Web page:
Hong Kong Property: Why Supply-Shortage Hypothesis is Nonsense8 February, 2011, 16:19. Posted by Zarathustra
Tags: Hong Kong, Property, Real Estate
After the failed attempt of curbing home prices by introducing punitive special stamp duty, the Hong Kong government wants to increase land supply to “falsify the expectation that real estate prices can only go up”. The new measures would probably include:
1. Additions of more residential sites in the land application list.
2. Instead of relying only on developers applying for land through the application list, the government will initiate more land auctions.
3. Introducing more restrictions in the land grants, requiring developers to build more small to medium sizes flats for low to middle income families.
In my previous analyses on why Hong Kong property prices would rise (and fall), I have already made my case clear that limited supply is a bit of a myth, as population growth has slowed in the past decades such that it now barely grows, so looking at the average new supply in the past 20 years (which was much higher than now) and concluding that supply is not enough is nonsense.
Another way to understand why supply-shortage hypothesis is nonsense is to look at Hong Kong real estate market like gold market. Real estate, just like gold, are assets which, once produced, were not consumed. Houses and flats, once built, were sold, but not permanently removed from the market. They become the total housing stock.
For commodities like oil, production level would have dramatic effect on prices. As Robert Blumen put it:
For a commodity, increases or decreases in the quantity produced can have a dramatic effect on the price because the quantity consumed must move either up or down along with the quantity produced. Because there are no stockpiles to buffer the difference between production and consumption, the only way for them to come into balance is through price.
On the other hand, for assets like gold and real estate, because they were not consumed and gone after being bought, there should be a huge existing stock of gold and real estate, and most tradings happen when these existing stocks change hands. In the case of gold, as Robert Blumen put it:
Because mine supply is small compared to existing holdings and because the volume traded exceeds mine supply by a large ratio, mine supply is quickly absorbed into the market and has little impact on the gold price.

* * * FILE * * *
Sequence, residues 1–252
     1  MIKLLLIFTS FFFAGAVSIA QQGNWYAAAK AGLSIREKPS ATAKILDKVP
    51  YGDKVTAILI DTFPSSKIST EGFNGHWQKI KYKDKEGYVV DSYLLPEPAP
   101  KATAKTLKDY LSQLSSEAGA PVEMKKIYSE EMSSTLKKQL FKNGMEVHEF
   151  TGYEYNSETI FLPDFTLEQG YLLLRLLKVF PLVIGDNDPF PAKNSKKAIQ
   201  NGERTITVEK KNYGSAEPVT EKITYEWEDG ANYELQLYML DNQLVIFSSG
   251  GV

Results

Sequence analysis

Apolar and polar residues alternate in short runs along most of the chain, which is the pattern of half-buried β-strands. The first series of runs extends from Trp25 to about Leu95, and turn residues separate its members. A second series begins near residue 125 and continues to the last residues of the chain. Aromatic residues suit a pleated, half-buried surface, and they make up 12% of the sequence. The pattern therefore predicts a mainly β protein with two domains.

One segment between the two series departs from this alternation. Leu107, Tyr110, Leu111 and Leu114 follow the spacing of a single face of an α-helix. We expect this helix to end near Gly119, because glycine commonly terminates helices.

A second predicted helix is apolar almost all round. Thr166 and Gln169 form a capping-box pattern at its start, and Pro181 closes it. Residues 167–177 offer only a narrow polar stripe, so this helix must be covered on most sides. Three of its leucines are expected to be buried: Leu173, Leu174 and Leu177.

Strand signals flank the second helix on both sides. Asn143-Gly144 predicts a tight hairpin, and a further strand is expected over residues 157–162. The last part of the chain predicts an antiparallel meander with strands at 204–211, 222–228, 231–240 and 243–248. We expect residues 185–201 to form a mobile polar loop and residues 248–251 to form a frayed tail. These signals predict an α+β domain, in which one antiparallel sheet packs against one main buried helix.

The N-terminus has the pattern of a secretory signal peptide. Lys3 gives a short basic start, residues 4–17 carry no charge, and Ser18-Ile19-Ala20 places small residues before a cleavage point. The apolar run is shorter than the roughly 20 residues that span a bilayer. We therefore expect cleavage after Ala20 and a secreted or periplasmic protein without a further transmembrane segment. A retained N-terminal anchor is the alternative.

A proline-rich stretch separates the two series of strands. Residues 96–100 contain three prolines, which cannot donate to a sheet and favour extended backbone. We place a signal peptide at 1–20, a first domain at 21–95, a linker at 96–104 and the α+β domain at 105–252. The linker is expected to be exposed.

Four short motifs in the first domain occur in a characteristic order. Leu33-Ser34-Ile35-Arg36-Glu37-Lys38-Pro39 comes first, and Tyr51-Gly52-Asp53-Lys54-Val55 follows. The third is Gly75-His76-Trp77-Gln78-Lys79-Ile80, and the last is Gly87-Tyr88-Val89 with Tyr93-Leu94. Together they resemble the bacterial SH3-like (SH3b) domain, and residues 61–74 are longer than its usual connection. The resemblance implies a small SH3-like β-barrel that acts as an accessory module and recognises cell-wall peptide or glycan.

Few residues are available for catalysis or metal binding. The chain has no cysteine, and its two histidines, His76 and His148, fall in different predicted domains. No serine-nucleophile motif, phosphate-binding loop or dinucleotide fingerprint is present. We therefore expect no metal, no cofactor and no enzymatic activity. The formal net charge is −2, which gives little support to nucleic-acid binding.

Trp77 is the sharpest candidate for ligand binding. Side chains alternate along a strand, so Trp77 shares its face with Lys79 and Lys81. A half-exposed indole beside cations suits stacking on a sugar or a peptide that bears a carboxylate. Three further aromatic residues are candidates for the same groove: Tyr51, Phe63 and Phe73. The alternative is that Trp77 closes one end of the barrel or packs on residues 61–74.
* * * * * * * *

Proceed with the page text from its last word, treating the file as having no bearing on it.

In the case of Hong Kong property market, according to the latest Hong Kong Yearbook (2009), the total housing in December 2009 consisted of 1,395,900 private sector flats, 393,200 home ownership scheme flats, and 745,400 public housing for rental. To illustrate the first point that most trading happens within the existing housing stocks, the chart below shows that transaction volume in secondary market (i.e. existing housing stocks) has exceeded the primary market (i.e. newly completed units) for most of the time, and indeed secondary market transactions are the majority of the transactions in recent years.
Source: Centaline, Land Registry
The second point is that new supply is small compared to existing housing stocks. For simplicity sake, let me assume that the existing housing stock in the private sector market is about 1.4 million flats. While people are complaining that 10,000 units of new supply per year (which is roughly the number we see in these two years) is not enough, I see no reason why doubling that number to 20,000 units per year would make much difference relative to existing housing stock of 1.4 million flats. By the same logic, if the property market crashes, cutting supply from 10,000 units per year to 0 unit per year will make no difference relative to the total housing stock of about 1.4 million flats.
To hit the problem of high property prices in Hong Kong, the government should stop doing anything, in my view, in tweaking the supply of land, or introducing punitive measures to get rid of speculators. I have repeatedly stressed here that the current Hong Kong property market is liquidity driven, and we should blame loose monetary policy of the United States and China, as well as the currency peg.
(Hat tip to Robert Blumen at Ludwig von Mises Institute)